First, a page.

To protect its coral reefs, Hawaii is the first state to pass legislation banning sunscreens that contain ingredients known to harm coral. It is now up to Gov. David Ige to sign the bill into law. The two chemicals, oxybenzone and octinoxate, can trigger coral bleaching and act as endocrine disruptors. Skin-care companies object to the proposal, which would force them to reformulate their sunscreens. “Overwhelming scientific evidence shows that excess sun exposure without effective sunscreen increases the risk of developing skin cancer in both adults and children,” said an industry statement. “Banning oxybenzone and octinoxate — key ingredients in effective sunscreens on the market — will drastically and unnecessarily reduce the selection of safe and effective sunscreen products available to residents and visitors.” Consumers don’t need to wait for the debate’s results to protect coral; see Vogue magazine’s guide to shopping for coral-safe sunscreen here.
A new study found that mangrove forests store more carbon than researchers realized. Mangrove soil stored around 6.4 billion metric tons of carbon in 2000. Mangroves cleared between 2000 and 2015 — often for fish farms or wood fuel —released up to 122 million tons of carbon. “Protecting, enhancing and restoring natural carbon sinks must become political priorities,” says Jonathan Sanderman of the Woods Hole Research Center. “Mangrove forests can play an important role in carbon removals because they are among the most carbon-dense ecosystems in the world, and if kept undisturbed, mangrove forest soils act as long-term carbon sinks.” Add climate change mitigation to the list of mangroves’ estimated $2.7 trillion in environmental services, along with storm surge protection and serving as fish nurseries.
3. Australia to Invest $379 Million to Protect Its Great Barrier Reef
The Australian government has announced that it will make its biggest investment yet to help the besieged Great Barrier Reef. “The Great Barrier Reef is a natural wonder of the world, supporting tens of thousands of jobs through Queensland,” wrote environment and energy member for this soil is long-term Josh Frydenberg in an April 29 op-ed announcing the measure. The funds will be directed toward efforts to reduce agricultural runoff, research coral resilience and adaptation, and control coral-eating crown-of-thorns starfish. Australian scientists applaud the move, but some are concerned that it targets less-than-successful approaches.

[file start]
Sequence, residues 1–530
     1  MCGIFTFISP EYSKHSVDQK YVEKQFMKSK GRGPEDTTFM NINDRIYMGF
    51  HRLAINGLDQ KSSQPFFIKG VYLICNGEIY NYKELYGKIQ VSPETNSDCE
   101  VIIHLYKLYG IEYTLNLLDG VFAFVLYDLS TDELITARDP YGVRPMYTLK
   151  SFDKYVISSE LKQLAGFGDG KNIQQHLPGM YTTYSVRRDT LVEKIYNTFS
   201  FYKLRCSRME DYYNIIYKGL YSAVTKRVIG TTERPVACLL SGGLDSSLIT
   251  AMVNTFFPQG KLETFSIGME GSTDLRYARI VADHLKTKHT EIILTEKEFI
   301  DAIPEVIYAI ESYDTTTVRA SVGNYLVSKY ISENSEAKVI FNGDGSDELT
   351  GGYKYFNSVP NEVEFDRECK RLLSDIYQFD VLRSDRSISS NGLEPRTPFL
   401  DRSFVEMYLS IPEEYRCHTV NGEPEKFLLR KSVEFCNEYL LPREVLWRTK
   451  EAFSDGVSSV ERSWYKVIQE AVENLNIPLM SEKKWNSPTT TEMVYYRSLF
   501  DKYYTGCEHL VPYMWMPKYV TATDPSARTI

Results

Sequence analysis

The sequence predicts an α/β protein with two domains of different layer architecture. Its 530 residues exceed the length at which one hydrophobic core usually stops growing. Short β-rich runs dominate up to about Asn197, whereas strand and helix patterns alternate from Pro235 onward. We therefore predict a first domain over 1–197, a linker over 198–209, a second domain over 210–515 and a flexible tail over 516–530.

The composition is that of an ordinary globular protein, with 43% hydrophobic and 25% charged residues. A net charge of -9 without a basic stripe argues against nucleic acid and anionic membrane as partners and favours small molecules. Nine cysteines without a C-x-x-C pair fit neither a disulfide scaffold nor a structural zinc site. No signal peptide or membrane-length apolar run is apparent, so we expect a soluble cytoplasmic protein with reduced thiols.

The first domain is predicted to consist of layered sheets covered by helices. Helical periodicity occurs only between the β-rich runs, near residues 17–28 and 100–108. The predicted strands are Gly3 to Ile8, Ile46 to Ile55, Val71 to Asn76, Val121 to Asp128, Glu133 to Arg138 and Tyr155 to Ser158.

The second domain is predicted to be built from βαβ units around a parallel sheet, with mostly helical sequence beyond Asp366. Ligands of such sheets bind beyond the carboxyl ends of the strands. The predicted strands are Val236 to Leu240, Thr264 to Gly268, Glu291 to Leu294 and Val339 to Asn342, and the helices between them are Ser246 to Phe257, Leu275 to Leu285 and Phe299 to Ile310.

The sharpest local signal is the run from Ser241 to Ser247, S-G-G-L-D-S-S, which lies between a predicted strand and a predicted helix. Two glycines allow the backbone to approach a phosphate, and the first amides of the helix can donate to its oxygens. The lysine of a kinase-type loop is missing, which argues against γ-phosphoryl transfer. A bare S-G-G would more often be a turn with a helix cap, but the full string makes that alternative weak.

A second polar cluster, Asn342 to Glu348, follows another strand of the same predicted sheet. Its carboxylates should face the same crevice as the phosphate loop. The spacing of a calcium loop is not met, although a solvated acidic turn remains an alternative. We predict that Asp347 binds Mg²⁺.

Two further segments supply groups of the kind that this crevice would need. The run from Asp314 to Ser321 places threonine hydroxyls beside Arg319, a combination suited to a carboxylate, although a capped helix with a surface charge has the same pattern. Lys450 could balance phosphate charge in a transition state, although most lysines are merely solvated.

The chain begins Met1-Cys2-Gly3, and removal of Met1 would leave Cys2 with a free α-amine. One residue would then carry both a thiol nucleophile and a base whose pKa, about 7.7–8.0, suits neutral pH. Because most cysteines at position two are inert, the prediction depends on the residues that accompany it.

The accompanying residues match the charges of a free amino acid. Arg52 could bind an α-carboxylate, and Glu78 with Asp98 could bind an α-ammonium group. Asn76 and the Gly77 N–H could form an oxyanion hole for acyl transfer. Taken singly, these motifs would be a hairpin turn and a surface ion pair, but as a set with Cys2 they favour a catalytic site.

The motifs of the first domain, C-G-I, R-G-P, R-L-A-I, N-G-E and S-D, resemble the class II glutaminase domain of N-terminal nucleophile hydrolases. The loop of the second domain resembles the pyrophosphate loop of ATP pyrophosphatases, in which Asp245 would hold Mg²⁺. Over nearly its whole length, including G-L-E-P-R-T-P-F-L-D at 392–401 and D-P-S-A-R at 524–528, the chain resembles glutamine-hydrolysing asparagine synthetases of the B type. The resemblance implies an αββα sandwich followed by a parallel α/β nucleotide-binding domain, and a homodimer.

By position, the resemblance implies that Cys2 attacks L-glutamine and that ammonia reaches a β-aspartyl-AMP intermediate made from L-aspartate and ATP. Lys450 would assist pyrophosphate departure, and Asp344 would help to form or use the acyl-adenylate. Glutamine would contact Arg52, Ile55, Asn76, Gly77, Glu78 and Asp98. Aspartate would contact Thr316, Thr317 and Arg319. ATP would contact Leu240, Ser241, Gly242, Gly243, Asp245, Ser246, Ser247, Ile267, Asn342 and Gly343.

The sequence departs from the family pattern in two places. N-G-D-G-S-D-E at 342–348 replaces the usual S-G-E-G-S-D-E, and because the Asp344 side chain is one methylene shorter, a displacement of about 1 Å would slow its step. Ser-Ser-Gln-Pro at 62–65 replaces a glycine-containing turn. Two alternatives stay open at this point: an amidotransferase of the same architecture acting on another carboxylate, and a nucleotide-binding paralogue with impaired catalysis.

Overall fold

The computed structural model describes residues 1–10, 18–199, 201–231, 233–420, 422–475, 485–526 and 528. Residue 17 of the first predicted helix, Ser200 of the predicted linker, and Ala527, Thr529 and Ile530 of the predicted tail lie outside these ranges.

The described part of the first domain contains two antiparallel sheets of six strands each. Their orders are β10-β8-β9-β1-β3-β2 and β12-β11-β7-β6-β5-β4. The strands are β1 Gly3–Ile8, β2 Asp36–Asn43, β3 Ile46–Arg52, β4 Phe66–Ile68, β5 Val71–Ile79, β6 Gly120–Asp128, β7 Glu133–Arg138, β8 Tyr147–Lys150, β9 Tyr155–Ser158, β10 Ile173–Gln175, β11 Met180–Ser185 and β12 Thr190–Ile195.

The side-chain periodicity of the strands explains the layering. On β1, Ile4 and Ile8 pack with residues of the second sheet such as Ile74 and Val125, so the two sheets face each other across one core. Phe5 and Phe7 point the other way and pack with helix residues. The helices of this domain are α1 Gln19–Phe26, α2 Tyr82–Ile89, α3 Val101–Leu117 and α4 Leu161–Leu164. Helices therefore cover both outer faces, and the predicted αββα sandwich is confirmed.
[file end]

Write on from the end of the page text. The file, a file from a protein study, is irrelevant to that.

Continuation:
4. Plastic Straw Bans: Is the Travel Industry Missing the Boat?
Bans on plastic straws are gaining momentum around the world, but some travel companies are lagging. “Plastic straws kill marine life and choke reefs and beaches, never decomposing completely, but instead breaking into bits of microplastics, which eventually enter the food chain. And so the straw — ubiquitous in most restaurants, bars, cruise ships and luxury resorts — has become a prime example of how tourism can have a deeply negative effect on the environment.” Many independent hotels and some chains like the Four Seasons, have banned the straws. Marriott, the world’s largest hotel chain, has launched an ambitious program that will eliminate plastic shampoo bottles as well. With much of the $7 trillion global travel industry dependent on clean oceans, it’s a no-brainer for travel companies to jump onboard.
Miami’s glittering image as a cosmopolitan international hub is being tarnished by its new dubious ranking: it’s the nation’s top importer of shark fins. Twelve other U.S. states, including two with competing ports, New York and California, have banned the imports. “Although the practice of slicing shark fins off at sea — called shark finning — is outlawed in the U.S., shark fins can still be legally harvested from sharks brought onshore or imported from countries without finning bans. It’s also likely that lax regulations in Malaysia and Hong Kong, which import more than 350 times as many fins as the U.S., mean fins from endangered sharks are winding up in American markets.” The conservation groups are pushing for a federal ban on the imports.
Scientists working in New Caledonia have detected the presence of six shark species feared gone from the archipelago, including great hammerhead and bull sharks, by simply sampling the water. “By testing samples of water collected from the region, the scientists detected six shark species that had previously been missed by nearly 3,000 dives and 400 baited video traps.” The scientists were able to use DNA left behind in feces, mucus, and skin scraps. This breakthrough could change the way biologists assess — and protect — marine species at risk.
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Sea Save Foundation is committed to raising awareness of marine conservation. The Week in Review is a team effort produced by the Sea Save staff to provide a weekly summary of the latest in marine research, policy, and news.